Citigroup sets restrictions on gun sales by business partners

Tiffany Hsu
Citi restricts gun sales by business partners, says New York Times
Citi restricts gun sales by business partners, says New York Times

Citigroup is setting restrictions on the sale of firearms by its business customers, making it the first Wall Street bank to take a stance in the divisive nationwide gun control debate.

The new policy, announced Thursday, prohibits the sale of firearms to customers who have not passed a background check or who are younger than 21. It also bars the sale of bump stocks and high-capacity magazines. It would apply to clients who offer credit cards backed by Citigroup or borrow money, use banking services or raise capital through the company.

The rules, which the company described as "common-sense measures," echo similar restrictions established by some major retailers, like Walmart. But they also represent the boldest such move to emerge from the banking sector.

Since the deadly school shooting in Parkland, Fla., last month, renewed calls for remedies to firearms violence have led to sweeping consumer boycotts and unprecedented moves by corporate America to distance itself from the powerful gun lobby.

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But federal lawmakers have taken limited action, and President Trump quickly abandoned a promise to pursue gun control measures, instead promoting proposals backed by the National Rifle Association to arm teachers.

The financial services and investment community was even less engaged, staying mostly quiet on suggestions that it wield its considerable influence over gun merchants to encourage firearms-related changes.

Citigroup's gun policy has "been a while coming," its chief executive, Michael L. Corbat, told The New York Times Thursday. Mr. Corbat, who called himself "an avid outdoorsman and responsible gun owner," acknowledged that "some will find our policy too strict while others will find it too lenient."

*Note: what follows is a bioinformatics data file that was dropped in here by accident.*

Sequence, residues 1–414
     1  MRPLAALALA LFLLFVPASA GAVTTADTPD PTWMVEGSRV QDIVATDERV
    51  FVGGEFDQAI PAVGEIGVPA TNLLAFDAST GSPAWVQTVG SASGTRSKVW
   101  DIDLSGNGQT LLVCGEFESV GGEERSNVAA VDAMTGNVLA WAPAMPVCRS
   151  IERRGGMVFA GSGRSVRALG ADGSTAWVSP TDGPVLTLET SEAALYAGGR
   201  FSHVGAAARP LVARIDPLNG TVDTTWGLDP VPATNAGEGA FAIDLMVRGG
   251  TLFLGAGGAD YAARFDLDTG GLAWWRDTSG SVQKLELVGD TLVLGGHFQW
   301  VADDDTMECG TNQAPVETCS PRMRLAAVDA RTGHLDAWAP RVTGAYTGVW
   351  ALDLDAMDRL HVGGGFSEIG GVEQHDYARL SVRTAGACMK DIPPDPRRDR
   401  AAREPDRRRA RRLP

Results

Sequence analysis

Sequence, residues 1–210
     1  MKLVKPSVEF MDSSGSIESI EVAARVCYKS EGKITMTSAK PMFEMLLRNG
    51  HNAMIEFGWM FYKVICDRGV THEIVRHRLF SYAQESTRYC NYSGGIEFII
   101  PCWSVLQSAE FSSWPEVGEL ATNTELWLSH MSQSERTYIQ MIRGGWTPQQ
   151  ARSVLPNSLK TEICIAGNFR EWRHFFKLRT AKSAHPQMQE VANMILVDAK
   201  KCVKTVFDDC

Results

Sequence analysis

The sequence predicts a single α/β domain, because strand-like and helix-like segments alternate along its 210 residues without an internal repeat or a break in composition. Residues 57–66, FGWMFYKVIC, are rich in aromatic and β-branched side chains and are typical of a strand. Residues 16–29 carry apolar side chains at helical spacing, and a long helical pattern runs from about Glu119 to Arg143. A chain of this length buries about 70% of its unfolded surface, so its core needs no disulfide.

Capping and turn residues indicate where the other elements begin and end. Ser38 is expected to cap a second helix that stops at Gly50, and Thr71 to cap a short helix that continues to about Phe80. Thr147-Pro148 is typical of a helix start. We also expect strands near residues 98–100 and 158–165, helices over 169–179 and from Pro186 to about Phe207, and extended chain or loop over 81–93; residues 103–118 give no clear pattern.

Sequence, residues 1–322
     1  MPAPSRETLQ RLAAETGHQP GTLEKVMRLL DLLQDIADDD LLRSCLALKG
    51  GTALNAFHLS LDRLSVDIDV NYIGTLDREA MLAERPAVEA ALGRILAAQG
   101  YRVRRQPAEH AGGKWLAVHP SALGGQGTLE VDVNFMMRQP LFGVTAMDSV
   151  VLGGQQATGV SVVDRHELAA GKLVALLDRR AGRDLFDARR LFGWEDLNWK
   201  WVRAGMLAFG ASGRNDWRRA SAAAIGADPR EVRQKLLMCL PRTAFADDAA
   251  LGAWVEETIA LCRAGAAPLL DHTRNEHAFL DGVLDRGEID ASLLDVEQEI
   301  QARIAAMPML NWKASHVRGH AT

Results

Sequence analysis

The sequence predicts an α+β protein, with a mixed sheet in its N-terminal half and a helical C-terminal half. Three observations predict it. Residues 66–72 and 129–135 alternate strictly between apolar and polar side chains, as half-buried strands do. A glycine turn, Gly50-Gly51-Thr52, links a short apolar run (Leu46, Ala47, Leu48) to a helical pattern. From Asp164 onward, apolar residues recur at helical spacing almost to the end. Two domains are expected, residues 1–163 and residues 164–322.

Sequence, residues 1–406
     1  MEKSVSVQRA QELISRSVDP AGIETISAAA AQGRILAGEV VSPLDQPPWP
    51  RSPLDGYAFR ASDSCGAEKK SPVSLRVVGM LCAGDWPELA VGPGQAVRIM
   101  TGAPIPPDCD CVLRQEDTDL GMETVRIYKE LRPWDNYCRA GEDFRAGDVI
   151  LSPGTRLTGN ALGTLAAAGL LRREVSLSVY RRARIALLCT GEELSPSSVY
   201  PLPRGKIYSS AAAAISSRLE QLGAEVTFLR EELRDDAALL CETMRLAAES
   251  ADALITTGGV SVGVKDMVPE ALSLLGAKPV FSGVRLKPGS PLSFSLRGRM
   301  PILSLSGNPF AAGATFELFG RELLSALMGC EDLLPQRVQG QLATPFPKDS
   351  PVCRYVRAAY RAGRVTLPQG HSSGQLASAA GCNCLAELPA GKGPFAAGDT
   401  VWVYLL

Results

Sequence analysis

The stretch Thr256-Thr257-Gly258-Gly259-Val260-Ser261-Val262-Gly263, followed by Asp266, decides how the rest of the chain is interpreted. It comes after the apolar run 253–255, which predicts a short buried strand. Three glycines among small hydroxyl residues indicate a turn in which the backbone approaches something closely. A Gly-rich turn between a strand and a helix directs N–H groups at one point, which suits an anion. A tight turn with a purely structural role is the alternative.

"We don't pretend that these answers are perfect, but as we looked at the things we thought we could influence, we felt that, working with our clients, we could make a difference," he said. "Banks serve a societal purpose — we believe our investors want us to do this and be responsible corporate citizens."

Citigroup said it had begun to inform existing small business and credit card clients and commercial and institutional partners of its plan and would screen future partners using the new requirements.

Activists protest in front of Kalashnikov USA, a gun manufacturer that makes an AK-47 rifle, on February 25, 2018 in Pompano Beach, Florida.
Getty Images

The bank said it has few gun manufacturing companies as clients, but those it does work with will be asked to provide details about their product and distribution networks.

If business customers decline Citigroup's restrictions, the bank said it would work with them to "transition their business away." The company declined to name clients or describe the extent of affected partnerships but said that "real revenue is at risk" if relationships fall through and customers protest. Some of Citigroup's clients, such as Walmart, already adhere to the new policies.

Edward Skyler, an executive vice president at Citi, wrote in a blog post that the company's announcement "will invite passion on both sides." But he stressed that the policies are "not centered on an ideological mission to rid the world of firearms."

Following various mass shootings, "we have waited for our grief to turn into action and see our nation adopt common-sense measures that would help prevent firearms from getting into the wrong hands," he wrote. "That action has sadly never come and as the weeks pass from the most recent mass shooting, it appears we remain in the same cycle of tragedy and inaction."

Wall Street is deeply tied to the gun business through pension funds that buy into public gun companies, private equity firms with firearms holdings and financial institutions that back sizable loans to handgun and rifle manufacturers.

In recent weeks, both Bank of America and the asset manager BlackRock said they had reached out to firearms manufacturers and distributors to ask about responses to and strategies to stop mass shootings. The First National Bank of Omaha, which said it would not renew a contract with the National Rifle Association to issue an NRA-branded Visa card, led a quick succession of companies to cut ties with the trade group.

YouTube said in a statement this week that it would start removing videos next month that promote the sale or manufacture of firearms and accessories, especially those that allow simulate automatic firing, like bump stocks.